New Orleans Hornets Exceed 9,000 Full Season Tickets

Published: September 7, 2011
White to Move, Checkmate in 2

Sometime over the course of the next couple days . . . Thursday by my scribbled calculations, but the day or time doesn’t matter an iota . . . the New Orleans Hornets will have sold their 9,000th full season ticket for the 2011-2012 season.

I don’t have any inside info on this, as its pending. Mathematics has its privileges.

There will be an event to mark this “rounding of third” (to borrow a phrase from another sport) a bit after the mark is hit. Just as there is nothing magic in the moment, 9,000 is just as arbitrary a number as 10,000 as a ticket goal, just slightly moreso as it’s smaller. I nevertheless applaud the identification of an opportunity to throw a party.

After the party, the sales efforts will continue until they no longer bear fruit. Why not? The LSED paid for a good bit of the parties, if not all. I’m guessing that the impressive results to this point would justify further outlays from the LSED; in fact, and I’d be all for that. They already have enough events schedule to carry them past the 100 mark, in fact.

Let’s just take a few minutes to take in this soon-to-be-accomplished-ment and consider what it says about meeting the goal of 10,000 full season tickets.

Consider that the Hornets sold around 1,800 full season tickets between some point in the season and the beginning of June. Since then, they’ve sold 900 season tickets, and there’s no sign of the pace abating. Whatever they are doing, it’s working and they can keep it up for a while. What they are doing is throwing I’m In events.

Consider that each “full” (that’s what I’m told the cool kids say) sold, in theory, is harder to sell than the one before, as the lowest-hanging-fruit is plucked at each step. This is of course not strictly true ticket-to-ticket, but over the course of 1,000+ tickets, it is. These reps work hard. Thank them. In fact, call 504-525-4667 and thank them to their bosses . . . you’ll have to ask to speak to them, but the reps will be happy to transfer you.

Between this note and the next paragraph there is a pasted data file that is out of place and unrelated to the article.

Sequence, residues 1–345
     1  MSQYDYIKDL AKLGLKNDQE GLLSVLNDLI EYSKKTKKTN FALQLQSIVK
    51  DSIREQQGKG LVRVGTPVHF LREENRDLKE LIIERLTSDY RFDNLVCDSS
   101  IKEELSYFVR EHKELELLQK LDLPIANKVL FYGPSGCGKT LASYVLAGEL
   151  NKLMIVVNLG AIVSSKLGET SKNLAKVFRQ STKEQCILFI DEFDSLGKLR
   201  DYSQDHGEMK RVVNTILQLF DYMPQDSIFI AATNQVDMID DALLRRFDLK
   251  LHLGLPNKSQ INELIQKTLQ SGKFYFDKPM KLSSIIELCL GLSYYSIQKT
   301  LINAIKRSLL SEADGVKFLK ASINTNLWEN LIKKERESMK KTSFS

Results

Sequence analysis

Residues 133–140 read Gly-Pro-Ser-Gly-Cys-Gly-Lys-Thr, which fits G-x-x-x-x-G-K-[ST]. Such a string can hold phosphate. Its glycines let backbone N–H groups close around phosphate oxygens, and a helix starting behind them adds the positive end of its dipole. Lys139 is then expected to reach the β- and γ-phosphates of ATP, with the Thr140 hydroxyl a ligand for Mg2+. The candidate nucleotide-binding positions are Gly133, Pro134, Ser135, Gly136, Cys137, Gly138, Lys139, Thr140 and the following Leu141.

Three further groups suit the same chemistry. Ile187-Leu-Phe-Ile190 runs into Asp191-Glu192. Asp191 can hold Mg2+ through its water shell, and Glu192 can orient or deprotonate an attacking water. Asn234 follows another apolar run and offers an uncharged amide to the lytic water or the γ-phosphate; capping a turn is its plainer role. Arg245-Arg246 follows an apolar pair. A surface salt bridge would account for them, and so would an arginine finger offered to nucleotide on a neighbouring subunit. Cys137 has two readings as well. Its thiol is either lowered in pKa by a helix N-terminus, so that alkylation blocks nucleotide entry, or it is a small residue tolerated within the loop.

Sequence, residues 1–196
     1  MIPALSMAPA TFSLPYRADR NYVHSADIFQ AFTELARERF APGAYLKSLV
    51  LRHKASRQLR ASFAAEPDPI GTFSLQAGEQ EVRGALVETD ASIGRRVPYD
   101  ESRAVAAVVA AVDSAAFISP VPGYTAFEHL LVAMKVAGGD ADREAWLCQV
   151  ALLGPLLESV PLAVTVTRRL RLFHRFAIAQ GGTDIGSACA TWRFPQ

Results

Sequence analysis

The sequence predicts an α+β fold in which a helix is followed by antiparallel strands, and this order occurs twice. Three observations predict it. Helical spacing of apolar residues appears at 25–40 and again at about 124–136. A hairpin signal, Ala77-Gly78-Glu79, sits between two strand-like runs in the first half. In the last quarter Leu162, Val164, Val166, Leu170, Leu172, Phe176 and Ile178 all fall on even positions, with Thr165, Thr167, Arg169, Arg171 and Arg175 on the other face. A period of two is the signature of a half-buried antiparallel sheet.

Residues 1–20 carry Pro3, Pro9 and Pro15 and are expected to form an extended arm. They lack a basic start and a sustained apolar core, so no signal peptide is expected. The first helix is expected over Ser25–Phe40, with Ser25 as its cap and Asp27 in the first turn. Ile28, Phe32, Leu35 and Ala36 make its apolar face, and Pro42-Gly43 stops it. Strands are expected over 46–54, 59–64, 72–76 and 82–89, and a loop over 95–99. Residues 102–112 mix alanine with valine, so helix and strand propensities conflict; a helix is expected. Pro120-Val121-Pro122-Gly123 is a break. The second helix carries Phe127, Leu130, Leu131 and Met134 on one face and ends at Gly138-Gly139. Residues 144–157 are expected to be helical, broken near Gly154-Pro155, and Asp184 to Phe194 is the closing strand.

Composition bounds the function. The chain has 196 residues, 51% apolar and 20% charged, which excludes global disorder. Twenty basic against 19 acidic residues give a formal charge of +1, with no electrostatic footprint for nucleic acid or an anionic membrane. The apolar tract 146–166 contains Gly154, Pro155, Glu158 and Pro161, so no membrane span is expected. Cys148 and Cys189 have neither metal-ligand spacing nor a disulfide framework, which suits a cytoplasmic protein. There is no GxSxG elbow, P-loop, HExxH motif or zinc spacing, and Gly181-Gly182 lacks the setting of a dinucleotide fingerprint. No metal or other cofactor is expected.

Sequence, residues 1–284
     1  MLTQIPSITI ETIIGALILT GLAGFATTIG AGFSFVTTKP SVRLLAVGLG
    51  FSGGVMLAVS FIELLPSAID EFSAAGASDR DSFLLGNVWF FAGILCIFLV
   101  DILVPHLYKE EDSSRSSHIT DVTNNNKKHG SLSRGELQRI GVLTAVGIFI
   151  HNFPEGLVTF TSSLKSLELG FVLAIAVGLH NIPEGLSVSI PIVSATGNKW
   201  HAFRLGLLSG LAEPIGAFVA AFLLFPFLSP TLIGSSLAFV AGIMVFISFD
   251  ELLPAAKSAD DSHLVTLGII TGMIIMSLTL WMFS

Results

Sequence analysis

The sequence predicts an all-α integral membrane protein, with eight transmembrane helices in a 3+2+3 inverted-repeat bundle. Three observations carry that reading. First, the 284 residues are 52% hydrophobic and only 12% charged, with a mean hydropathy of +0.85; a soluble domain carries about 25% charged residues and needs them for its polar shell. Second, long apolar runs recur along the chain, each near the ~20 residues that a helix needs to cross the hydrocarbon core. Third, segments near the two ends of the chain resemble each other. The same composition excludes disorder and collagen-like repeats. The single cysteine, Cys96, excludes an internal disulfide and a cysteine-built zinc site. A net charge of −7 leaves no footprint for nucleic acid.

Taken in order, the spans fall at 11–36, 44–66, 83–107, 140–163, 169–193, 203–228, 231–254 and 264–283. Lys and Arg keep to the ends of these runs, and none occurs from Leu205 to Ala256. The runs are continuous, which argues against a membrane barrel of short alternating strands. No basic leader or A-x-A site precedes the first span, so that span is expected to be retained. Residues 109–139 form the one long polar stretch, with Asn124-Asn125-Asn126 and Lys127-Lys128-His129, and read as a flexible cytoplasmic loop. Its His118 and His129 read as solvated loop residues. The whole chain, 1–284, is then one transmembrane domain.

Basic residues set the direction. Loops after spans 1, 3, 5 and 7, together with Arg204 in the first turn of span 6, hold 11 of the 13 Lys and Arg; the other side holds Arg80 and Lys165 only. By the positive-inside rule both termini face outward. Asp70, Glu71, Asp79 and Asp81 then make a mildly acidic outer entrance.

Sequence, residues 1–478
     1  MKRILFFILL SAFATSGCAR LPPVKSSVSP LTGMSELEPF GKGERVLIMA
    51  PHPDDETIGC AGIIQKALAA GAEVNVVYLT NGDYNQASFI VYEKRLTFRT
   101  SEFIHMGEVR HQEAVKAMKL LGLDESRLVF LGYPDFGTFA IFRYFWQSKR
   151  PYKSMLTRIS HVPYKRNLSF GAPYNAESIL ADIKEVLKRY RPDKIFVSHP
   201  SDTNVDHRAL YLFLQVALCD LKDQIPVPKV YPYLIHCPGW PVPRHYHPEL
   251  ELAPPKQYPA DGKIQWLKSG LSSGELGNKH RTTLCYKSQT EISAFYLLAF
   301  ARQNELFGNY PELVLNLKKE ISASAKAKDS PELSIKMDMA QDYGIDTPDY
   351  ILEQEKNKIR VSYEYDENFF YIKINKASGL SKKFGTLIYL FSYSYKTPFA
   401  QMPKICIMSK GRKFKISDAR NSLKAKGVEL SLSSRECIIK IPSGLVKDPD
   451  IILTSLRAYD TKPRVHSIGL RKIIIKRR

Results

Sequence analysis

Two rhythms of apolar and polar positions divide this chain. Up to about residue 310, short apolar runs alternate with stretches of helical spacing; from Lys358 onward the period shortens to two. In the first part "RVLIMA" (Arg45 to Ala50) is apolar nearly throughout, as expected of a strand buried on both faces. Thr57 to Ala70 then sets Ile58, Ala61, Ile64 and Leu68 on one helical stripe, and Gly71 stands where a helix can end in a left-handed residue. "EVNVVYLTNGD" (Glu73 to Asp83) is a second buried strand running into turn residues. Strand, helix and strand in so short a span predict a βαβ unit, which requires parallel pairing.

Consider that for the last 2+ months of the 3+ month campaign, the NBPA has been locked out. As a result, the Hornets can not use their greatest asset in normal times: players. In fact, as the Hornets have one of the best in the game both on and off the court, this even is even bigger hindrance for us. Beyond that, that the season is in danger of not tipping off on time or ever.

Consider that the two anchor players of the franchise are either not under contract or constantly being connected to other teams in future seasons.

Consider that the team is owned by the NBA, with no local owner and no long-term lease.

Consider that financial pressures are causing other teams to lay off emplyees and the Hornets are hiring people to help keep staffed up.

At their current rate, the Hornets will hit the 10,000 mark around the New Year. Again, this is not a magic number. It’s not a benchmark. It doesn’t `do’ anything. It means little going forward if it’s `manufactured’ out of a fear of losing the team that will subside after the crisis has passed. The Hornets will have to deliver, will have to `hook’ those season ticket holders once they are given the opportunity. They will also have to convince an owner the support is real, is sustainable, and is lasting.

The 9,000 fulls should be a message, and the 10,000 fulls should be a louder one: We want an NBA team here. We want our NBA team. We’ll meet your terms. We will do what it takes, just let us have it, and let it be ours.


New Orleans’ team and the New Orleanians’ team.

Keep the benchmarks; we don’t need them. Keep the swipes at our city and our people; we’ve had more than the quantity that hospitality requires us to endure. Treat us like family, not as bunkmates at summercamp, ok, St-Ernest? Knowhutimean?

You won’t be disappointed.

See you in 1,000 tickets . . . 999, I mean . . .

1. Rf7+ Kxf7
2. Qe7#

— Select the lines in the blockquote to see the answer to the chess puzzle


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